There were a few other misadventures in Lhasa that probably don’t deserve an entire blog post dedicated to them. So here are three mildly amusing stories of things that happened to us during the last couple of days in Tibet.

Free Tibet!?

Before we went out in Old Town we went to have dinner with one of Yi’s friends. The place he took us to was serving very Chinese-style food (as in not Tibetan-style) along with some Westernish-style food.

He turned out to be an interesting character. He was Han Chinese and zealously pro-Dalai Lama. He would often interject “Free Tibet!” into conversations. He told me interesting “facts” about Tibet, such as Tibetans don’t kill yaks – they only eat them if they die naturally. This I know not to be true, firstly because animals that die of old age don’t have meat that is good for eating, and secondly because animals that die of natural causes or accidents are too dangerous to eat (you don’t know if it had a disease that could be passed on, for example).

He kept on telling me interesting factoids like this and it was only my politeness that stopped me from questioning where he got his bullshit ideas from. He also showed me the pictures of Dalai Lama 14, pictures which are illegal to carry here. He told me that he hands them out to locals as gifts. This actually bothered me. It’s one thing being an idiot activist, but this sort of thing would only get the locals into trouble if they got caught.

It was around this point that our tour guide rang us asking us where we were. The group had decided they would join us at the same place, which worked out quite nicely. They got a table, but it was on a different floor, so I spent my time running between the two floors.

When it came time to leave we settled the bill and I watched as our friend not-so-discreetly handed a picture of the Dalai Lama to the waitress. We went our separate ways – Yi and myself joining the rest of the tour group for drinks at the rooftop bar overlooking Jokhang Temple.

An Old Lady and a Passport

And after a short while three of us went to a Tibetan night club. Me and Yi left our other friend alone as the rest of the tour group was following us there.

The next day we found out that he had been sat there all alone for the entire night. It turns out one of our tour group had managed to leave their passport in the restaurant we had been to earlier. They went back to see if they could find it, but no luck.

This was a tricky situation. Even getting on the train to leave Tibet would be difficult without a passport. They were now looking at emergency phone calls to the embassy in Beijing to sort out temporary travel documents. Even worse was that they were planning to go to the DPRK after this, and that would now have to be cancelled without having a real passport.

The first thing they had to do was go to the police in the middle of the night. They spent a couple of hours explaining the situation and filling out forms. They were all set to leave when an old lady walks in and hands over what looks like a bag belonging to the person who lost his passport. A bag containing the guy’s wallet and passport.

The old lady had found it and decided to come to the police station to hand it over when she realised how important the contents were. In the middle of the night as well. They were so happy to have it back that they offered her some money for her trouble, but she wouldn’t take any of it.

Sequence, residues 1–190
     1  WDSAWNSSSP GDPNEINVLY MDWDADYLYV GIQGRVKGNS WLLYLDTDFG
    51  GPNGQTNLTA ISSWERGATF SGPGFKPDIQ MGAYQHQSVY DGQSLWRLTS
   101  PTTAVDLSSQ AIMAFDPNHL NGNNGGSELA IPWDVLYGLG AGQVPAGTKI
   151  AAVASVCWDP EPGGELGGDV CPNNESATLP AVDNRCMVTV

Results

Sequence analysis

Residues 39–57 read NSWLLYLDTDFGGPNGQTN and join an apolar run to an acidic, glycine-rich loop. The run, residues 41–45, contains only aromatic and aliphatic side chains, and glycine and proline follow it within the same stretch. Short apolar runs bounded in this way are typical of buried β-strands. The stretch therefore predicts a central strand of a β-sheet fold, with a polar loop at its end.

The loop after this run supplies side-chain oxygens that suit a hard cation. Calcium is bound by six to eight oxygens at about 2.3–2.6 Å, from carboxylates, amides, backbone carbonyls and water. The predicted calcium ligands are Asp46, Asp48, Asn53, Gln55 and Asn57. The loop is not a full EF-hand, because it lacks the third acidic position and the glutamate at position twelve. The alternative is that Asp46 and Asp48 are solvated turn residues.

After all this excitement they all went back to hotel and fell unconscious.

The next day at breakfast we found out what had happened, and why one of our tour had ended up spending the night alone in a Tibetan night club.

Tibetan Red Wine

One of our tour group loved wine. One of the first drinks he had in Tibet was a Tibetan Red, and he loved it. He spent the rest of the trip trying to find this Tibetan Red wine again, but nowhere seemed to have it.

On our last day we had a little bit of time spare, so we went to the local supermarket to buy a few last minute presents. Some spirits for Yi’s dad, some Tibetan sweets for work, that kind of thing. While we were there I thought of our friend’s struggle in finding Tibetan Red and asked Yi to find out if they had any in this supermarket. When we asked her she just laughed and told us that grapes can’t grow in Tibet.

It turns out it was just Chinese wine all along…

Old Town Clubbing

After getting back from Lake Namtso we had one last night to spend in Lhasa. We went to the same rooftop bar overlooking the Jokhang Temple when we first arrived in Lhasa.

When Yi went to the Potala Palace she ended up on a different tour. It was here she met a local who had recommended a club in Old Town for us to visit. Another person in our tour group was interested so the three of us headed out while the rest of the tour stayed at the rooftop bar for more drinks.

The club was difficult to find, even with the address. We worked it out after seeing some people leaving a taxi and walking into it. At first it seemed a little seedy, having to climb several stairs through a small opening between two buildings. Once inside we had the familiar having to find us a table.

But this club was very different to New Town. There was a reasonably sized stage with several small tables in front of it. This club wasn’t about trying to force you to buy overpriced champagne sparkling white wine, or requiring spending limits to sit at special tables. The club was well-lit and every table was the same. Some tables had already been filled with several empty bottles of cheap lager.